3. The product of claim 1 in which said particles vary in size from about 200 mesh to sub-micron size.
4. The product of claim 1 having a specific gravity of about 2.2.
5. A material comprising a non-magnetic fly ash fraction consisting essentially of discrete, substantially spherelike particles having a particle size less than about 200 mesh and a specific gravity of from about 2.1 to about 2.6 consisting essentially of a glass comprising silica and alumina, and on the surface of said particles a film selectively to promote reaction between alkali and said glass comprising a water soluble salt selected from the group consisting of alkali and alkaline earth metal sulfates and i acid sulfates and mixtures thereof.
6. The product of claim 5 in which at least about 70 percent, by weight, of said particles have a particle size less than about 325 mesh.
7. The product of claim 5 in which said particles vary in size from about 200 mesh to sub-micron size.
8. The product of claim 5 having a specific gravity of about 2.2.
9. A cement composition comprising Portland cement and a material comprising a non-magnetic y as raction consisting essentially of discrete, substantially spherelike particles having a particle size less than about 200 mesh and a specific gravity of from about 2.1 to about 2.6 consisting essentially of a glass comprising silica and alumina, said sphere-like particles comprising from about ute volume of Portland cement plus said sphere-like particles.
10. The cement composition of claim 9 in which said particles vary in size from about 200 mesh to sub-micron size, and at least about 70 percent, by weight, of said particles have a particle size less than about 325 mesh.
11. The cement composition of claim 10 in which said material has a specific gravity of about 2.2.
12. A cement composition comprising Portland cement and a material comprising a non-magnetic fly ash fraction consisting essentially of discrete, substantially sphere-like particles having a particle size less than about 200 mesh and a specific gravity of from about 2.1 to about 2.6 consisting essentially of a glass comprising silica and alumina, and on the surface of said particles a film selectively to promote reaction between alkali and said glass comprising a water soluble salt selected from the group consisting of alkali and alkaline earth metal sulfates and acid sulfates and mixtures thereof, said sphere-like particles comprising from about 10 to about 40%, by absolute volume, based on the absolute volume of Portland cement plus said sphere-like particles.
13. The cement composition of claim 12 in which said particles vary in size from about 200 mesh to sub-micron size; at least about 70 percent, by weight, of said particles have a particle size less than about 325 mesh, and said material has a specific gravity of about 2.2.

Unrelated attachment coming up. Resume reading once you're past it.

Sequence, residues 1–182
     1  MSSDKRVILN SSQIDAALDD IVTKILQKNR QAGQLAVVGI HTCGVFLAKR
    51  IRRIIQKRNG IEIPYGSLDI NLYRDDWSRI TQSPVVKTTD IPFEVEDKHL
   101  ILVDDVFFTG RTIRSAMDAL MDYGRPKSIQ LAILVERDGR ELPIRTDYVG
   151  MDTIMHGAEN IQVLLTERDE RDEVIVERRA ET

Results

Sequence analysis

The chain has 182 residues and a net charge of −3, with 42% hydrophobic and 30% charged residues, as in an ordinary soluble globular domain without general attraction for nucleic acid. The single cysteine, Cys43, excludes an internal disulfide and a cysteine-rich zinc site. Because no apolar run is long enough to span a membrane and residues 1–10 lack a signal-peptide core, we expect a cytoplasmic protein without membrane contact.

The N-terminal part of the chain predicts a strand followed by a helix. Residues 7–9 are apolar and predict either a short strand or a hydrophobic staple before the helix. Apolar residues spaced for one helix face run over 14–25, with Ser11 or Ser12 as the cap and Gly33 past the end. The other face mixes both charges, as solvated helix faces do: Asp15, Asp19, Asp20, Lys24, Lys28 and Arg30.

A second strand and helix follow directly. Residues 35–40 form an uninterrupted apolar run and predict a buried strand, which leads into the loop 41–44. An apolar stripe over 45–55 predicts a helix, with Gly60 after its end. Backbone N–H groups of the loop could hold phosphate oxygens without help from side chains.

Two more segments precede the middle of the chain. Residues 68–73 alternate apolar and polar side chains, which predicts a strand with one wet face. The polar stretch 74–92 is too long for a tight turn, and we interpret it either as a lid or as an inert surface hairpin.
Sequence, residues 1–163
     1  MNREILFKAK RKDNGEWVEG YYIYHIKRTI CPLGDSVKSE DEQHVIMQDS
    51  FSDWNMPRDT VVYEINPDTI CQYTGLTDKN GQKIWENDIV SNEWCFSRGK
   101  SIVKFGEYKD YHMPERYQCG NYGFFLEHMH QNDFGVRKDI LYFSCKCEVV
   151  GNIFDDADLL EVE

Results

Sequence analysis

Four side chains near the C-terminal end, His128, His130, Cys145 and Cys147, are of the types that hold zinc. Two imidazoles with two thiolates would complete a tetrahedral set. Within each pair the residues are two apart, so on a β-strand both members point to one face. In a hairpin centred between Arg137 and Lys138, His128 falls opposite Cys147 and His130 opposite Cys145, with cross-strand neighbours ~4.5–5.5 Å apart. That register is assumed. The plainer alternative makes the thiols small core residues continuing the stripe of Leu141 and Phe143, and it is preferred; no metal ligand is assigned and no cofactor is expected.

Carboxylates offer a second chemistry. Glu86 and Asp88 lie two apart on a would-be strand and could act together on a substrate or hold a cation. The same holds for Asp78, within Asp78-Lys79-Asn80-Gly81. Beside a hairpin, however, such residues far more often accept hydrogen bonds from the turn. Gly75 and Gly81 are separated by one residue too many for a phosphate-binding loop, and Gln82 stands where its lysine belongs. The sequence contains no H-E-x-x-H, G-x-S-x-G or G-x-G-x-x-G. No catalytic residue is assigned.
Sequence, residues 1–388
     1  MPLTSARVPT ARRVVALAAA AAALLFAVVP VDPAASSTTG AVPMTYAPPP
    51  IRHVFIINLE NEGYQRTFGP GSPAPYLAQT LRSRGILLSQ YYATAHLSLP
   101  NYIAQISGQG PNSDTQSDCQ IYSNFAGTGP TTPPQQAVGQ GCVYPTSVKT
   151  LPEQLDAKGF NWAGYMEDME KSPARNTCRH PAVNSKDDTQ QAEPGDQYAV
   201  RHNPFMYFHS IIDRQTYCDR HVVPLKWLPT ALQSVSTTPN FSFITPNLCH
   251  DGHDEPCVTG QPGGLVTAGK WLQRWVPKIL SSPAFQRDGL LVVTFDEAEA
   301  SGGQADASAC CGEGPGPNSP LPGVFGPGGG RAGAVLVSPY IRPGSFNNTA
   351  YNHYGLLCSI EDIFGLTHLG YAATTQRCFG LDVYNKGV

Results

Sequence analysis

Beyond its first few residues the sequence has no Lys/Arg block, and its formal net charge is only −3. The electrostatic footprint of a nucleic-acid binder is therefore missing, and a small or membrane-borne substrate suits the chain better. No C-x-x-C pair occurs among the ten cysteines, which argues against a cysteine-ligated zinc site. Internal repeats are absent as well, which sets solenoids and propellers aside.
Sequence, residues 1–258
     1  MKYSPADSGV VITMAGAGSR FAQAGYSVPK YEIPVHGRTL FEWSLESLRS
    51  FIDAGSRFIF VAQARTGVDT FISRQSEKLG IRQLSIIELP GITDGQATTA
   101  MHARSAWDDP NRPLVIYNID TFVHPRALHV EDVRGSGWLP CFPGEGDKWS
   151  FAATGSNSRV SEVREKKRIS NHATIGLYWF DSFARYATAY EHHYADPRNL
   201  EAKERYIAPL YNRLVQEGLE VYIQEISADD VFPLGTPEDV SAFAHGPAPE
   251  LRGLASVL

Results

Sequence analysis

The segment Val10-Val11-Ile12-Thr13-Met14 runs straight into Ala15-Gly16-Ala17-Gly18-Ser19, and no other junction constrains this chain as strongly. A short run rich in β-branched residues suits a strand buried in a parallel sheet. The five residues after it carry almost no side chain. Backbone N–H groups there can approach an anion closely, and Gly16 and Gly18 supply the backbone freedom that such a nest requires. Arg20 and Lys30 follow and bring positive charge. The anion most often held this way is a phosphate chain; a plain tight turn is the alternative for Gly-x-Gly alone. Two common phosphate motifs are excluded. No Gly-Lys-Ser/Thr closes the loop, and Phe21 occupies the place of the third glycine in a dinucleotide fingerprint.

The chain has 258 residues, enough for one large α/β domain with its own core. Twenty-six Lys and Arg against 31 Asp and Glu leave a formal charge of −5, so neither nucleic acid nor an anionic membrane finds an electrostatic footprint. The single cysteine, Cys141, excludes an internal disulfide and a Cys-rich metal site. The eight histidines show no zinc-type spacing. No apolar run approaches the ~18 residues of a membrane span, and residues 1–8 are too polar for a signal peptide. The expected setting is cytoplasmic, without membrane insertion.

14. The cement composition of claim 12 in which said particles vary in size from about 200 mesh to sub-micron size, and at least about 70 percent, by weight, of said particles have a particle size less than about 325 mesh.
15. The cement composition of claim 12 in which said material has a specific gravity of about 2.2.
16. A structural product comprising the reaction product of lime and between about 2 and about 10 parts by weight per part by weight of lime of a material comprising a non-magnetic fly ash fraction consisting essentially of discrete, substantially sphere-like particles having a particle size less than about 200 mesh and a specific gravity of from about 2.1 to about 2.6 consisting essentially of a glass comprising silica and alumina.
17. The structural product of claim 16 in which said particles vary in size from about 200 mesh to sub-micron size, and at least about 70 percent, by weight, of said particles have a particle size less than about 325 mesh.
18. The structural product of claim 16 in which said material has a specific gravity of about 2.2.
References Cited in the file of this patent S. Eketorp.: Eng. & Min. 1., vol. 152, No. 10, pp. 82,
83, 118, October 1951.
Chemical Engineering News, vol. 59, No. 12, Decemher 1952, pp. 247-248.
UNITED STATES PATENT OFFICE CERTIFICATE OF CORRECTION Patent No, 2,987 4o8- June 6 1961 Leonard John Minnick It is hereby certified that error appears in the above numbered patent requiring correction and that the said Letters Patent should read as corrected below,
Column 7 line 7 and column 8 line 3O, after "alumina'fl and before the period, each occurrence insert substantially free from crystalline iron compounds column 7 lines 20 and 38,, and column 8 line 3 after "alumina" and before the comma each occurrence insert substantially free from crystalline iron compounds Signed and sealed this 14th day of November 1961.
ERNEST W. SWIDER DAVID L. LADD Attesting Officer Commissioner of Patents USCOMM-DC
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|US20100040508 *||Aug 10, 2009||Feb 18, 2010||Dodson Christopher E||Apparatus for producing amorphous silica ash|
|WO1997021640A1 *||Dec 13, 1996||Jun 19, 1997||New Jersey Institute Of Technology||Method for preparing fly ash for high compressive strength concrete and mortar, and compositions thereof|
|U.S. Classification||106/709, 106/679, 106/405, 106/663, 106/457, 106/705|
|International Classification||C04B18/08, C04B18/04|
|Jan 18, 1985||AS||Assignment|
Owner name: CONVERSION SYSTEMS OF PENNSYLVANIA, INC., 115 GIBR
Free format text: ASSIGNMENT OF ASSIGNORS INTEREST.;ASSIGNOR:CONVERSION SYSTEMS, INC.;REEL/FRAME:004354/0388
Effective date: 19841214